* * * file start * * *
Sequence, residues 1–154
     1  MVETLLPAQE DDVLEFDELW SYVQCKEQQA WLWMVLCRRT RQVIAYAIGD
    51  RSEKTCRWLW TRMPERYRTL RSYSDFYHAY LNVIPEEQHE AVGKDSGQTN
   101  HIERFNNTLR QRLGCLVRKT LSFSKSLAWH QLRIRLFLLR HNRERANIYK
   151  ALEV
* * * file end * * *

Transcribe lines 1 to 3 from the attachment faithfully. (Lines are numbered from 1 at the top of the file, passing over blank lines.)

Sequence, residues 1–154
     1  MVETLLPAQE DDVLEFDELW SYVQCKEQQA WLWMVLCRRT RQVIAYAIGD
    51  RSEKTCRWLW TRMPERYRTL RSYSDFYHAY LNVIPEEQHE AVGKDSGQTN